The Story of Taxol: Nature and Politics in the Pursuit of an Anti-Cancer Drugby Jordan Goodman, Vivien Walsh
Pub. Date: 04/28/2015
Publisher: Cambridge University Press
Taxol is arguably the most celebrated, talked about, and controversial natural product in recent years. Celebrated because of its efficacy as an anticancer drug and because its discovery has provided powerful support for policies concerned with biodiversity. Talked about because in the early 1990s the American public was bombarded with news reports about the
Taxol is arguably the most celebrated, talked about, and controversial natural product in recent years. Celebrated because of its efficacy as an anticancer drug and because its discovery has provided powerful support for policies concerned with biodiversity. Talked about because in the early 1990s the American public was bombarded with news reports about the molecule and its host, the slow-growing Pacific yew tree. Controversial because the drug and the yew tree became embroiled in several sensitive political issues with broad public policy implications. Taxol has revolutionized the treatment options for patients with advanced forms of breast and ovarian cancers and some types of leukemia; it shows promise for treating AIDS-related Kaposi's sarcoma. It is the best-selling anticancer drug ever, with world sales of $1.2 billion in 1998 and expected to grow. Goodman and Walsh's careful study of how taxol was discovered, researched, and brought to market documents the complexities and conflicting interests in the ongoing process to find effective treatments. From a broader perspective, The Story of Taxol uses the discovery and development of taxol as a paradigm to address current issues in the history and sociology of science and medicine. Jordan Goodman is a Senior Lecturer in History at the Manchester School of Management, University of Manchester Institute of Science & Technology. He has written on subjects as varied as the history of medicine and economic history for journal articles and in edited volumes. Goodman's previous books include Tobacco in History (Routledge, 1994) and Consuming Habits: Drugs in History and Anthropology (Routledge, 1995). Vivien Walsh is Reader in Technology Management at the Manchester School of Management, University of Manchester Institute of Science & Technology. She has been researching the pharmaceutical and chemical industry for years and is currently working on globalization of innovative activity in the face of technological and organizational changes in the chemical, pharmaceutical, and agro-food industries. Walsh has been a consultant to the European Commission and to the Organisation for Economic Cooperation and Development.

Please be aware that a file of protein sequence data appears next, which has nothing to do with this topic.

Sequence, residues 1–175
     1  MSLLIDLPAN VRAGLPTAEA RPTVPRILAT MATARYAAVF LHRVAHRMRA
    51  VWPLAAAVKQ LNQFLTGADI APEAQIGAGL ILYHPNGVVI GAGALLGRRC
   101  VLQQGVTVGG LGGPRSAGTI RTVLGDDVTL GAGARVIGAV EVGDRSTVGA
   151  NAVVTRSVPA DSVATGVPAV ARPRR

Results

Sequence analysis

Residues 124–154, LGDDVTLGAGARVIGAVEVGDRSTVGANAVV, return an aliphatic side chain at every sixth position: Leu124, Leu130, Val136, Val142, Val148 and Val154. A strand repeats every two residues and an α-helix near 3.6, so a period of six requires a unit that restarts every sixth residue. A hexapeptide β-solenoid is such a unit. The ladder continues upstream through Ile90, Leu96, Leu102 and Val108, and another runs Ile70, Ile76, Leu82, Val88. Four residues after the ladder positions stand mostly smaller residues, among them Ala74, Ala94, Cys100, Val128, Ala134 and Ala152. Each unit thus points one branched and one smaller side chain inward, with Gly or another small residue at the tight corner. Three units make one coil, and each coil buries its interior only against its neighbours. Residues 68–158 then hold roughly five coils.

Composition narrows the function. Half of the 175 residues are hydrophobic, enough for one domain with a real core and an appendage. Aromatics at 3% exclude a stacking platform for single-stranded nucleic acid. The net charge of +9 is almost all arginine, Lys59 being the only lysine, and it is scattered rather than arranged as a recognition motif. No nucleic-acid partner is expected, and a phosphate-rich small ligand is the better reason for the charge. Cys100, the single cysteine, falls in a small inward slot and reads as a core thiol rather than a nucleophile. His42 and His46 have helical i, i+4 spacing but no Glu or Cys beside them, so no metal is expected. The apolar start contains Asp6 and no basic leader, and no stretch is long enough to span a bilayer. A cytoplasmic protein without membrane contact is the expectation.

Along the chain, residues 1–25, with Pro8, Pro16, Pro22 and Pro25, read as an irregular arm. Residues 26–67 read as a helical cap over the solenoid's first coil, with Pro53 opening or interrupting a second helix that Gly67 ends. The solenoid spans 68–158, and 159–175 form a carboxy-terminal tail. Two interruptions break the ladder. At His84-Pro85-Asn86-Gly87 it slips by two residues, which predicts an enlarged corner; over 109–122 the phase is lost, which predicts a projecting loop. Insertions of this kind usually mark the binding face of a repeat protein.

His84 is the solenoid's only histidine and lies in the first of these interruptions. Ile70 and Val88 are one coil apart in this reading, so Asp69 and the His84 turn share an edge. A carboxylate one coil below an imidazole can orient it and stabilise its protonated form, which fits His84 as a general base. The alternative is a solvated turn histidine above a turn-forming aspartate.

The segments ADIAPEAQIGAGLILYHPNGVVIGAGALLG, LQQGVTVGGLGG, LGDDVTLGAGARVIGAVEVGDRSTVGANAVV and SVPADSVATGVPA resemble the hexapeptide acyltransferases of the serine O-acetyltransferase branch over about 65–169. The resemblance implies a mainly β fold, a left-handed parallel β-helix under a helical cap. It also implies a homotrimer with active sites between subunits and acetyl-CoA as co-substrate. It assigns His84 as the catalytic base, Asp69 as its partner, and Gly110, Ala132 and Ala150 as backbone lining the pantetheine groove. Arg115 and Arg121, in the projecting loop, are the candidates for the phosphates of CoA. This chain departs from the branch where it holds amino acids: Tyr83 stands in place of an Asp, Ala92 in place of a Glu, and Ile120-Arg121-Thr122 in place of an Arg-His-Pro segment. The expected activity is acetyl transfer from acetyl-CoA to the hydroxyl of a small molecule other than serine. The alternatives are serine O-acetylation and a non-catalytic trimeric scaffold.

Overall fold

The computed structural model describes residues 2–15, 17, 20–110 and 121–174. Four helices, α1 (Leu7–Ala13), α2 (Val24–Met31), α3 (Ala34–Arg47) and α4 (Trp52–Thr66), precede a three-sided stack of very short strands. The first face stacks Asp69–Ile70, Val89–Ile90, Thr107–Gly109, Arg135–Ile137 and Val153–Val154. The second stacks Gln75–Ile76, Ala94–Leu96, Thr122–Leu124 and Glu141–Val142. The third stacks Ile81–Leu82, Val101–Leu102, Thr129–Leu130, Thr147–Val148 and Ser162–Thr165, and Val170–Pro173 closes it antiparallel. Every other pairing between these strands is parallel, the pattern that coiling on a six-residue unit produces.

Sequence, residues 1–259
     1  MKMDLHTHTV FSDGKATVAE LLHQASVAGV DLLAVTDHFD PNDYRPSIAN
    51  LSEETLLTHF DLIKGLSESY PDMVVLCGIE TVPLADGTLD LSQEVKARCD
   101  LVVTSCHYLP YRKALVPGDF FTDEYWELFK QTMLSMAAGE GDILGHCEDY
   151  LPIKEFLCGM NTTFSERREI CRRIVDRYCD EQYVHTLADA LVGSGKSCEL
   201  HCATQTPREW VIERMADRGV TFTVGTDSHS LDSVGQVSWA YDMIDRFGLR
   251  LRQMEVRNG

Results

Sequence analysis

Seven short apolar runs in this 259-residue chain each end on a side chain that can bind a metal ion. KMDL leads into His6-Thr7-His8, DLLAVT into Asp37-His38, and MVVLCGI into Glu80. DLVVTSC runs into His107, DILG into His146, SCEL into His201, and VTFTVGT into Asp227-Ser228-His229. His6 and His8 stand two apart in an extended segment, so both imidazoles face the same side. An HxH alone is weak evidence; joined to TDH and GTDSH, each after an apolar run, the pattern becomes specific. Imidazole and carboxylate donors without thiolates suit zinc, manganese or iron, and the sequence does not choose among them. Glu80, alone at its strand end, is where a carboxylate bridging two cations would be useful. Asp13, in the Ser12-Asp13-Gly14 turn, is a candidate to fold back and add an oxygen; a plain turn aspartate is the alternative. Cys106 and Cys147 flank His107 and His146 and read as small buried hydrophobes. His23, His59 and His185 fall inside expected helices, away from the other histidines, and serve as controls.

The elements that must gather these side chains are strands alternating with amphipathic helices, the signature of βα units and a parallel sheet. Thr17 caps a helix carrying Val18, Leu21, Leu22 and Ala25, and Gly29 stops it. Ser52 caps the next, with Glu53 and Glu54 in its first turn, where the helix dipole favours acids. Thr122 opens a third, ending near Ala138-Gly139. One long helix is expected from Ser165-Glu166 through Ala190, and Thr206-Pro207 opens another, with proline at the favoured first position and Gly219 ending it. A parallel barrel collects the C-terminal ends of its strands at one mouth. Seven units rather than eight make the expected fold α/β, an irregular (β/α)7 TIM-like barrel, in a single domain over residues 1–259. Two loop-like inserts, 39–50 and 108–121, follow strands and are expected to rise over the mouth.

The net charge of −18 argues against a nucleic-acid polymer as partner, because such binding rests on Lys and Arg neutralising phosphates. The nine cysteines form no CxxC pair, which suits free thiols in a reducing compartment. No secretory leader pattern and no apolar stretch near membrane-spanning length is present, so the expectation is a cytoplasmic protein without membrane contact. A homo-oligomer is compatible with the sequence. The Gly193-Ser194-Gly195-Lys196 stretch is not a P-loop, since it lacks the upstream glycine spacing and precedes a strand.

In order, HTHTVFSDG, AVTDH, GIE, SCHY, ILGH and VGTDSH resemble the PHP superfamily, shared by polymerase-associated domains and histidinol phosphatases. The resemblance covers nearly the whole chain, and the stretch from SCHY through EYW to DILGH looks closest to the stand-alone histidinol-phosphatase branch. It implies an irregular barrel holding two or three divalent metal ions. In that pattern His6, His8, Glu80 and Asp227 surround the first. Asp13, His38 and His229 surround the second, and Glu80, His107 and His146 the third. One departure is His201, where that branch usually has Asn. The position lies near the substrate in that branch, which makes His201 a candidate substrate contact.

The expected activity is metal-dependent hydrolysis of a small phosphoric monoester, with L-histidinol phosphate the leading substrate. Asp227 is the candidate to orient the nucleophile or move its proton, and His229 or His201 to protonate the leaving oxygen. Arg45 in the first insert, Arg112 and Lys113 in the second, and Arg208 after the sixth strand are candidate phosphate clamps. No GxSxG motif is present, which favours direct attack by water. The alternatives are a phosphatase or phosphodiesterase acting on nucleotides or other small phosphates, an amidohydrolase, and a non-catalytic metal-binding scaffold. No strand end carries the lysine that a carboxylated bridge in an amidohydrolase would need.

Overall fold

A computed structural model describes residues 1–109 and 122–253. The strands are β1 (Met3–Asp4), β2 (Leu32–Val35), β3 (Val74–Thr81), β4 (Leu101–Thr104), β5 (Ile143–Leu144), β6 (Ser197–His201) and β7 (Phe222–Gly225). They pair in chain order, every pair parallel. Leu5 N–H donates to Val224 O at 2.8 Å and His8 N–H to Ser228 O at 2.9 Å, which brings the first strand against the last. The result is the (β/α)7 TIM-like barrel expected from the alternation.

- Cambridge University Press
- Publication date:
- Edition description:
- New Edition
- Product dimensions:
- 5.98(w) x 8.98(h) x 0.94(d)
Table of Contents
Acknowledgements; Abbreviations; Introduction; Part I. Agents: 1. Cancer chemotherapy: plant knowledge and practice; Part II. Practices: 2. Act I: 1962–75; 3. Act II: 1976–83; 4. Act III: 1984–9; Part III. Controversies: 5. The politics of exclusivity and the business of taxol; 6. The political life (and death) of Taxus Brevifolia; References and bibliography; Index.
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